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Theft Of Catalytic Converters Is On The Rise. Here's How To Keep Your Car Safe

Cars are shown driving up and down La Cienega Boulevard during the day.
Officials say catalytic converters contain valuable metals that are attractive to those wanting to make a quick buck.
(Chris Yarzab
LAist Featured Photos pool on Flickr)
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Catalytic converters — the canister under cars that helps cut tailpipe pollution — have been disappearing from cars in Southern California in growing numbers. Toyota Priuses are the most common target.

Those converters have valuable metals inside that make them attractive to someone looking to make quick money.

Skilled thieves can crawl underneath and saw one off in a matter of minutes.

This Wednesday, the City of Industry sheriff's station hosted its second Catalytic Converter Etch and Prevent event.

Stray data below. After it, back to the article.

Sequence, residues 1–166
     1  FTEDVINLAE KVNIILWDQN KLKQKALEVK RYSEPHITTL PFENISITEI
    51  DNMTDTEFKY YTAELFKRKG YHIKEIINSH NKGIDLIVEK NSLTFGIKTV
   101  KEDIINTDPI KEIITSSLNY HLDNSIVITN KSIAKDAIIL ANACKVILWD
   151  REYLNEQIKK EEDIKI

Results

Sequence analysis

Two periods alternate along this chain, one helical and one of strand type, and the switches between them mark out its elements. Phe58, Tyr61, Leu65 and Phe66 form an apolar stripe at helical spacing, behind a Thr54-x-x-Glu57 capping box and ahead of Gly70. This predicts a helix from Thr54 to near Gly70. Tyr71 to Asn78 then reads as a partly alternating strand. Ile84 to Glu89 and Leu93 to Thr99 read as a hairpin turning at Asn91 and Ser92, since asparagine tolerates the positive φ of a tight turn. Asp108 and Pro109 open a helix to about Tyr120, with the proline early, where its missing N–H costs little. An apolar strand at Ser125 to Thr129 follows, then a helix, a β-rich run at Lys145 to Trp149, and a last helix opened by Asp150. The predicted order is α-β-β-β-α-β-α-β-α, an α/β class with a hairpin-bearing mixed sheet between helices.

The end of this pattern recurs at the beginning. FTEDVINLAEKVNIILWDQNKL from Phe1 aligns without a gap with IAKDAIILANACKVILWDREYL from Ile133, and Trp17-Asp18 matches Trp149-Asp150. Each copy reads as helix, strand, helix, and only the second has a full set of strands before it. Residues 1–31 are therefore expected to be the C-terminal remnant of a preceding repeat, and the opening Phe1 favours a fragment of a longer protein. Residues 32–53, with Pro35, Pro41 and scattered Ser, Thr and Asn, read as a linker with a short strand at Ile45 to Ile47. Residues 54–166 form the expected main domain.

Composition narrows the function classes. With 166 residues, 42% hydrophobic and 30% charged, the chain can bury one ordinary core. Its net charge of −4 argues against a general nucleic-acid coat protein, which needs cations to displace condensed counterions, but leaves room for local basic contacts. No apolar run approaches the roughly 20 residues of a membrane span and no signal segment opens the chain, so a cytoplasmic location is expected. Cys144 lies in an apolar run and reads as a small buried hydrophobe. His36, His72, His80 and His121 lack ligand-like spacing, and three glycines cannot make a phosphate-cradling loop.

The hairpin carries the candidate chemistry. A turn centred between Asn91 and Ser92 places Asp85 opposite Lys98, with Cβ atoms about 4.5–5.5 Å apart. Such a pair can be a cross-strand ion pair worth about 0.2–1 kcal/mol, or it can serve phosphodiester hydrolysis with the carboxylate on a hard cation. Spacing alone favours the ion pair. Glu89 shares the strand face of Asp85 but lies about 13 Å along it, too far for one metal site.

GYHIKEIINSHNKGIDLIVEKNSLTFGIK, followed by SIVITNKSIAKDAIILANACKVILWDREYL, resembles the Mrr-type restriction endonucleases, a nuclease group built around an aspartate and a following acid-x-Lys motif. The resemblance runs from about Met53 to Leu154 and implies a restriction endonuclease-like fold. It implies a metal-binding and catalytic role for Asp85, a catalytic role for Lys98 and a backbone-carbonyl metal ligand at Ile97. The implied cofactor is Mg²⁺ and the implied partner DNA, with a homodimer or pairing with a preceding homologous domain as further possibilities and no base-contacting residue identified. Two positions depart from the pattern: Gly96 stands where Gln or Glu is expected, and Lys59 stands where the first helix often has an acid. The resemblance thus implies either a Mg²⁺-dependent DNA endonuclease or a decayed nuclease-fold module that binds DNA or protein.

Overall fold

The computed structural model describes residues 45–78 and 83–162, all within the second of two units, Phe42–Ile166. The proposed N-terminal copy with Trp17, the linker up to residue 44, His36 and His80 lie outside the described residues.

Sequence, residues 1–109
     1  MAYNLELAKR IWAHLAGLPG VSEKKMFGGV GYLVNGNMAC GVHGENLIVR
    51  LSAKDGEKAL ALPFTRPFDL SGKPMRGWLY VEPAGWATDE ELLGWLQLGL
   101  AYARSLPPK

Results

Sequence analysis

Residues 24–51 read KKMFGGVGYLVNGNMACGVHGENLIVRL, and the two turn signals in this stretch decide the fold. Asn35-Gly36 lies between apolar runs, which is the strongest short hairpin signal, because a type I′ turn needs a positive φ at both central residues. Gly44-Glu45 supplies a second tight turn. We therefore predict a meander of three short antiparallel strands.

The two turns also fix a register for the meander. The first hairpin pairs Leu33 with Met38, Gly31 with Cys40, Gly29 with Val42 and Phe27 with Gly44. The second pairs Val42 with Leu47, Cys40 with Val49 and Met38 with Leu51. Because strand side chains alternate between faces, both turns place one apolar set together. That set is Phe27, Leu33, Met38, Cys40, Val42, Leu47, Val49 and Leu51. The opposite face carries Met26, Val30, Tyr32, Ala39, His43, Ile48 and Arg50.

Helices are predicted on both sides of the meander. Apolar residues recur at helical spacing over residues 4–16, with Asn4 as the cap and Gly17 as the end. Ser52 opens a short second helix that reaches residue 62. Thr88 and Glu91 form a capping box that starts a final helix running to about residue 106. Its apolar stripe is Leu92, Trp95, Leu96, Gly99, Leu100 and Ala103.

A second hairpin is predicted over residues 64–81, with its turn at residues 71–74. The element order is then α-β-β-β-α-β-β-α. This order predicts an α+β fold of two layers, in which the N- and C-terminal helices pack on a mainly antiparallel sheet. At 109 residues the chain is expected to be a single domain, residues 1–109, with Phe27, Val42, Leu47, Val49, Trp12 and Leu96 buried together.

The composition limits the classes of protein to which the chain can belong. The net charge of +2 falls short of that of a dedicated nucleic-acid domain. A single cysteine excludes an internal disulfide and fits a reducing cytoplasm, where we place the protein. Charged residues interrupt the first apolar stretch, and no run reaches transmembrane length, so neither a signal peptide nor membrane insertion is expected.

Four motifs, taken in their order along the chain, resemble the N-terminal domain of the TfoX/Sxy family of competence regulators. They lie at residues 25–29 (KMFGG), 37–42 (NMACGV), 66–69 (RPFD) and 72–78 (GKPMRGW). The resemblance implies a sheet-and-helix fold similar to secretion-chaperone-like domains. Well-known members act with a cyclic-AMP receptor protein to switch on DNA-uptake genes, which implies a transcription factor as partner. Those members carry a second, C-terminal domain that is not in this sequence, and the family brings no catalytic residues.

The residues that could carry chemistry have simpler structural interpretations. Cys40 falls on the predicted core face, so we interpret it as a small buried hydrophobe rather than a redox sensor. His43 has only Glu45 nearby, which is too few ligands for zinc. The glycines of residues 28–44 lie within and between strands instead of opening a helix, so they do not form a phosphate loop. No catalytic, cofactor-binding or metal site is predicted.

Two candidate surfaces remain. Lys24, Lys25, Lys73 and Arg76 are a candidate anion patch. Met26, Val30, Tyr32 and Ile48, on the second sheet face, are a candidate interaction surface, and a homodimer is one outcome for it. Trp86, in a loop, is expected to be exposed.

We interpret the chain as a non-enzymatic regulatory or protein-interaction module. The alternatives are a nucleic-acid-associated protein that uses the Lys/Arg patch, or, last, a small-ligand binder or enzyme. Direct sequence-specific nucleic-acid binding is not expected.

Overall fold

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Sheriff's Lieutenant Tri Hoang says deputies use a Dremel tool to scratch license plate numbers onto the devices so they can be traced if stolen.

"There's also the possibility that the would-be thief would see the permanently-engraved markings on the catalytic converter and move on to the next vehicle," Hoang said.

If you missed this event, look to make an appointment at another, coming in a few weeks.

In the meantime, some things you can do to keep your catalytic converter from getting stolen include parking in your garage or a well-lighted place, having the device welded to the frame, and calibrating the car alarm to go off with vibration.